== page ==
Thursday, May 15, 2014


This movie was different.  I should have known with Joaquin Phoenix, you never quite know what you’re going to get.  I’m not sure if it was a look into our future, if it was a desperate, heartbroken man looking for some companionship, or if it was just weird and creepy.  It may be all of them!  Phoenix plays a lonely man whose long relationship has just ended.  He makes his living writing caring, personal letters for others and sees a new computer operating system that says it’s unique and learns from you and is its own unique entity.  When he starts it up, he meets “Samantha” – who seemed like a futuristic, high-tech version of Apple’s Siri.  She talked exactly like a human, had feelings, and understood his jokes – she just didn’t have a body – since she’s a computer!  The more they talked, the more she learned, and the closer they became – so close that she became his “girlfriend” and he considered it an exclusive relationship.  That’s when it started getting weird for me!  It was nice that he was able to find something to make him happy and help him move on in his life, but it just felt almost uncomfortable to me at times – but hey, maybe that’s where we’re heading???  You would definitely have to be in the mood for this one…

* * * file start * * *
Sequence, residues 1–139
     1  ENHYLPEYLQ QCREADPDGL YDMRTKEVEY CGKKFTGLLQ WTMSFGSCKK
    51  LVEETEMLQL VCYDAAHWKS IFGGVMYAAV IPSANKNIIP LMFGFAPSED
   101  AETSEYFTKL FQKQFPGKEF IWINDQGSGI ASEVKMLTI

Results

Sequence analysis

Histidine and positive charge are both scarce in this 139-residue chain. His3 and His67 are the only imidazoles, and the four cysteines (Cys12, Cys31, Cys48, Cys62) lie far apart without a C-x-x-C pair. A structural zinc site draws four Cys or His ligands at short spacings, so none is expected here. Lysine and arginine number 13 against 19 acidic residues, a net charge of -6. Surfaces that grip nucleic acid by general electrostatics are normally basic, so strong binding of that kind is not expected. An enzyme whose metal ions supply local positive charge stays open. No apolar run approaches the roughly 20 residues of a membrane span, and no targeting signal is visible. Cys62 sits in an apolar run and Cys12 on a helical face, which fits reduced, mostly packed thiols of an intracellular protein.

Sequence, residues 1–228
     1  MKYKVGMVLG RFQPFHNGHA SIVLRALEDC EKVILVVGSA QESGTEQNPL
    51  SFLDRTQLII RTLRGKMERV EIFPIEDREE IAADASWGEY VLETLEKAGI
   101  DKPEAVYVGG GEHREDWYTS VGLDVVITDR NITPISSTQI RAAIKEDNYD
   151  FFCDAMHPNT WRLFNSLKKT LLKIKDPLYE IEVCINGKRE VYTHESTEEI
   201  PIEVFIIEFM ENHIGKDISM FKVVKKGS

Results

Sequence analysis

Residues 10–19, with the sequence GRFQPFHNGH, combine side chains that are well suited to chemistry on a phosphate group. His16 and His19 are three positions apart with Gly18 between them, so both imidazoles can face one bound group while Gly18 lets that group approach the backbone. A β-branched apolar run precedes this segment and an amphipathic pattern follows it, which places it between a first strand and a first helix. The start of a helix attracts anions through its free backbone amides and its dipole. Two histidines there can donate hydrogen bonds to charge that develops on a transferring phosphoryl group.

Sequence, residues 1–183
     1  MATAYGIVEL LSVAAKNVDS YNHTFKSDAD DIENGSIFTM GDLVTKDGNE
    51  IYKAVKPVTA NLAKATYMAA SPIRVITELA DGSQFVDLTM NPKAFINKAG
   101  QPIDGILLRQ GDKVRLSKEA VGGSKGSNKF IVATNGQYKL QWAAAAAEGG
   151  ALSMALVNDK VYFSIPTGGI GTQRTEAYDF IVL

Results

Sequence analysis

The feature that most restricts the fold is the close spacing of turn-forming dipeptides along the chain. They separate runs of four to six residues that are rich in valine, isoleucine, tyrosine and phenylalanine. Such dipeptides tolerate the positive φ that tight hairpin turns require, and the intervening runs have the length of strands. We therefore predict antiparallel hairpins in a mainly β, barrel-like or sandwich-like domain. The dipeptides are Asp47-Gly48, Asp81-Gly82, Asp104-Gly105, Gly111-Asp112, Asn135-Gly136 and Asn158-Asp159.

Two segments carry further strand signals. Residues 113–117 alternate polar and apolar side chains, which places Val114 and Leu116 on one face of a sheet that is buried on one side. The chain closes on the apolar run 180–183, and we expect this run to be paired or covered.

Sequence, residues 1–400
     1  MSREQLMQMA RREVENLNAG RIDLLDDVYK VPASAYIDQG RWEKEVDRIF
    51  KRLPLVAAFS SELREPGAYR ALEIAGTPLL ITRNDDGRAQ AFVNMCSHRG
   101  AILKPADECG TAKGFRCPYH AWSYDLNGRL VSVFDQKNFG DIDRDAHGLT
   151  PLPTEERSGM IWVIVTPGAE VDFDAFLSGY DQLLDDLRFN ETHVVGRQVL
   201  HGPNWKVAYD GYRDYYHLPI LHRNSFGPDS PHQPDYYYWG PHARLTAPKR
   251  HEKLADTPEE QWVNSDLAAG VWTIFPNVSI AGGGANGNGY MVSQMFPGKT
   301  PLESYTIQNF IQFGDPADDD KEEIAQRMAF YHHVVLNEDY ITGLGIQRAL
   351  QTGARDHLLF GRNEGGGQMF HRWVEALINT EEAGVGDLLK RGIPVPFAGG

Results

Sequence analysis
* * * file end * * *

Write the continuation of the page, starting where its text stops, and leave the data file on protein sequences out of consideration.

Thursday, May 8, 2014